- A British twin-engine, long-range, heavy fighter produced by Bristol Aeroplane Company from 1939 to 1945
- A modification of the Beaufort torpedo bomber design: its name combines "Beaufort" and "fighter"
- First truly effective radar-equipped night fighter
- Also proved very efficient in sinking ships, using rockets and torpedos
- Ranked among the finest torpedo and strike aircraft of its day
- Served in Europe, the Middle East and Asia
- By September 1945, a total of 5,562 had been built in the U.K. and 365 in Australia, in a variety of models; some continued in front-line service into the 1950s
- First flight was on July 17th, 1939
The Beaufighter was designed as a long-range heavy fighter, with many components in common with the Bristol Beaufort torpedo bomber. It saw service as a night fighter, a torpedo bomber, a ground attack fighter and an anti-shipping aircraft. In addition to operations in Europe, it also served in the Middle East and Far East. By September 1945 a total of 5 562 had been built in a variety of models and many continued in front-line service into the 1950s.
The Beaufighter was the first effective radar-equipped night fighter. In early versions of the aircraft, the radar operator, in addition to his normal duties, was also responsible for the four 20-mm cannon with ammunition. Resupply could be difficult, especially when an aircraft was manoeuvring in pursuit of a target and the ammunition drums weighed about 18 kg (40 lbs) each.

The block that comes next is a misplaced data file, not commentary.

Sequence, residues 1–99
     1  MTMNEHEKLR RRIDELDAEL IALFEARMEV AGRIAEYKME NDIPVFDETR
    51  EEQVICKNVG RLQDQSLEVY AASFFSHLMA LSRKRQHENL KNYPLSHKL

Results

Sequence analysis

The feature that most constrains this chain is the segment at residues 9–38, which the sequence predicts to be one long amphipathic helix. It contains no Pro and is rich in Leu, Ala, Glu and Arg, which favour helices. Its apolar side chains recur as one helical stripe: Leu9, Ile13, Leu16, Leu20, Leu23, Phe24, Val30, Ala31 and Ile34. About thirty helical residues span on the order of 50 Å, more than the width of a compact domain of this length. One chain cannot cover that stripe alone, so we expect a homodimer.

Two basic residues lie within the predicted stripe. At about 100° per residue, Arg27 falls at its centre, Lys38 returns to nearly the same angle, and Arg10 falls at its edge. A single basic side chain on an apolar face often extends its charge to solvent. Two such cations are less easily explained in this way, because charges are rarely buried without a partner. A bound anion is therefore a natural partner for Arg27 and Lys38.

Exchange with the Royal Air Force Museum, Great Britain
This aircraft was part of a batch of 500 built between September 1944 and August 1945. The Second World War was over when this aircraft left the factory and so it was put into storage. It the late 1940s, it was converted into a target tug, and was used by the RAF in the United Kingdom and Malta. It was retired and abandoned in December 1958.
When the RAF decided to create a museum in the early 1960s, few Beaufighters were known to have survived, and so this one was brought back in 1963. Three years later, it was restored as a night fighter with parts from another Beaufighter. In 1968, the restored aircraft was put on display (near Oxford) as part of the RAF's fiftieth anniversary celebrations, which were attended by Her Majesty the Queen. Later that year, it was exhibited in a parade ground in central London, where it remained for at least a year.
In April 1969, the RAF exchanged this Beaufighter for an ex-RCAF Bristol Bolingbroke from Canada's National Aeronautical Collection. In September, the Beaufighter components were airlifted to Ottawa's Uplands airport aboard a Canadian Armed Forces aircraft. The Beaufighter's engines, cowlings, and internal components were not included in the trade.
|Wing Span||17.6 m (57 ft 10 in)|
|Length||12.7 m (41 ft 4 in)|
|Height||4.8 m (15 ft 10 in)|
|Weight, Empty||7,075 kg (15,600 lb)|
|Weight, Gross||11,520 kg (25,400 lb)|
|Cruising Speed||330 km/h (205 mph)|
|Max Speed||490 km/h (305 mph)|
|Rate of Climb||564 m (1,850 ft) /min|
|Service Ceiling||5,790 m (19,000 ft)|
|Range||2,250 km (1,400 mi)|
|Power Plant||two Bristol Hercules XVII, 1725 hp, sleeve-valve radial engines|
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